1. Sleeping, drowsy, lethargic churches
It was a painful experience. We worked for two years on a Synod Committee with the brief to examine church life. We discovered a “depressing crisis in church-going in our Diocese … from the trends studied, this scene is going to get worse in years to come”. We concluded “that our denomination is facing a serious situation, a critical phase of its life. It is time to take stock of our situation. If we continue unchanged for another decade we can expect a major decline in our already marginal impact on society.”
Little wonder that our first recommendation to Synod was “to convey to parishes the urgent need for prayer for spiritual awakening and the spread of the Gospel”. We placed emphasis on calling our churches together regularly for prayer that God might awaken and restore spiritual life in our congregations.
I strongly suspect that it is not only our Diocese that is in urgent need of spiritual awakening. Throughout Australia, we face a deeply pervasive problem: drowsy, sleeping and lethargic churches that need to be spiritually awakened by the sovereign initiative of God. Spiritual health and vitality have been withering away in many of our churches. We have been heavily influenced by trends in our culture and are conformed to this world’s thinking. Furthermore, we have been hijacked by activism and pragmatism. No longer do we take seriously the Apostolic priority of calling on God in prayer.
Our culture hoodwinks us into protecting ourselves from the rough and tough of life. We try to numb our pain by escaping from reality. We distract ourselves from facing the deep questions of life. Some Christian people are more likely to be emotionally involved with their sporting team, soapies or their pleasures, than with the deep issues of life and death.
We live in a thriving metropolis of people who are unwilling to make commitments. This breeds a superficiality and an over-casualness in our congregational life. Genuine prayer seems to be in recess.
2. The necessity of prayer
Words fail to explain how necessary prayer is. For the supreme example of a life of prayer, we turn to Christ. It was a dominant feature of his life and a recurrent element in his teaching. “But Jesus often withdrew to lonely places and prayed” (Luke 5:16). Our appeal to him is “Lord, teach us to pray”. And in reply, he points to his own prayer life saying, “Follow me”.
To peruse Paul’s letters is to discover the supremely important place that prayer should have in our lives and in the lives of our churches. It is significant that nowhere does Paul argue the case for prayer. He does not even make an attempt to explain it, but assumes it to be the natural and essential expression of the spiritual life.
It is very important for us to call upon him, that our hearts may be fired with a zealous and burning desire ever to seek, love and serve him, while we become accustomed in every need to flee to him as to a sacred anchor. (John Calvin)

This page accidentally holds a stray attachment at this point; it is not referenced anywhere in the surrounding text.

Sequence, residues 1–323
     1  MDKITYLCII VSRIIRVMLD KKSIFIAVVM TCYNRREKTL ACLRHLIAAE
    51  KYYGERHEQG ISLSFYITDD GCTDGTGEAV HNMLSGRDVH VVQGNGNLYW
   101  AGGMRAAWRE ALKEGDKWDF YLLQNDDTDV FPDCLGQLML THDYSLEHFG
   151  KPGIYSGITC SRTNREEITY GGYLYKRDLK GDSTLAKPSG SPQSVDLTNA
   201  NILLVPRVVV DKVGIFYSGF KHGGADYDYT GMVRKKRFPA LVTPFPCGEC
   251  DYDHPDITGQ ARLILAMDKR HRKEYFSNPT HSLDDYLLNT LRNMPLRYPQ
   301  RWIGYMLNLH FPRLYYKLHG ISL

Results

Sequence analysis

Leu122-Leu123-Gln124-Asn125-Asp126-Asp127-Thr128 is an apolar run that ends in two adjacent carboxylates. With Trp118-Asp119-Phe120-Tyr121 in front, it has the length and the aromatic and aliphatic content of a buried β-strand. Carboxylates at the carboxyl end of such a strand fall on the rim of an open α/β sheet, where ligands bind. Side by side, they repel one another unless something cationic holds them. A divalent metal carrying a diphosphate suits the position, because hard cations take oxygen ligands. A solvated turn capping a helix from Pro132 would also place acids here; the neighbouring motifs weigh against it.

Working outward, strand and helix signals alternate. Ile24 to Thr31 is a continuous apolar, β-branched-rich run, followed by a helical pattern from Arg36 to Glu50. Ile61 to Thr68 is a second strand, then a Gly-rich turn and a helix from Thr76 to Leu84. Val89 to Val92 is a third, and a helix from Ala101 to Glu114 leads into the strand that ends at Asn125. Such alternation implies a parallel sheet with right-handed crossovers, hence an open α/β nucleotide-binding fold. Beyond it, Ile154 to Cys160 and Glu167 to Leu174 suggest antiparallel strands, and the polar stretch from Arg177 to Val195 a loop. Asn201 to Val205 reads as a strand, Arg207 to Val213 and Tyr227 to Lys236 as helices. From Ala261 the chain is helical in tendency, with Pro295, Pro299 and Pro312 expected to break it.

Prayer is supremely important. We always make time for the matters we perceive to be most important. Maturing and growing in the art of prayer, like any other art, requires time, and the amount of time we set aside for prayer will be a genuine expression of our perception of its importance.
3. A mistaken/inadequate view of prayer
Very often it is said, “Let’s have a word of prayer”, as if adding a dash of prayer is all that is required. Does our Christian service grow out of praying or out of our planning? Too frequently, most church meetings are commenced or concluded with a brief perfunctory prayer. Such ‘prayer’ is perhaps not genuine prayer, but sentiment verging on the superstitious. It is all too easy, too glib, with no effort, no cost, no genuine waiting on God.
It is recorded of Christ’s prayers that “he offered up prayers and petitions with loud cries” (Heb 5:7). Paul’s and Epaphras’ striving and wrestling in prayer for the Colossian church indicate the marks of genuine prayer (Col 2:1; 4:12). All vital praying is a drain on a person’s vitality. It is a strenuous, spiritual exercise that demands the utmost mental discipline and concentration.
Today, Christians in the West are found to be, on the whole, passionless, passive, and one fears, prayerless. (JI Packer)
The volume and vitality of prayer in places where the church has had to struggle for existence is a damning indictment of the relative prayerlessness in large swathes of the Western Church. (DA Carson)
One of the things that God’s Spirit must teach us about prayer is this: to learn to take time to pray. Prayer is very exacting, and requires stupendous effort. “Sacrifice after sacrifice of time, energy, interest and money must be made in order to accomplish the task [of prayer]” (O Hallesby).
4. The strange paradox of neglect of prayer
One of the best ways to discover our chief concerns, anxieties and ambitions is to study the content of our prayers and the intensity with which we pray them. We all pray about what concerns us, and seem not to be concerned about matters we do not include in our prayers. Murray M’Cheyne succinctly expressed this: “What a man is alone on his knees before God, that he is, and no more”. Our prayers are the measure of each of us spiritually in a way that nothing else is, so that what we pray for and how we pray is as important a question as we can ever face.
But there is a strange paradox in all this. We pay lip service to the importance and potency of prayer. We affirm that it is an indispensable adjunct to the mature spiritual life. We recognize that it is frequently prescribed in the Bible. However, in spite of all this, we often fail to pray or give prayer the priority that it should have in our personal and church life. Why?
Too many of us are crippled in our prayer life by frustration. Hectic schedules and demanding responsibilities simply push prayer out of our lives. Or if we pray, we sense how shallow it all is. Our spiritual lives languish and our churches continue in complacency, lethargy and spiritual weakness.
However, when we do set aside time to pray, it is amazing how suddenly a whole host of little things clamour for our immediate attention—phone calls, letters and routine chores. This distracting activity of Satan is to be resisted and opposed. There will always be the “battle of the threshold to prayer”. James encourages us to “resist the devil and he will flee from you” (Jas 4:7).
5. Praying in the will of God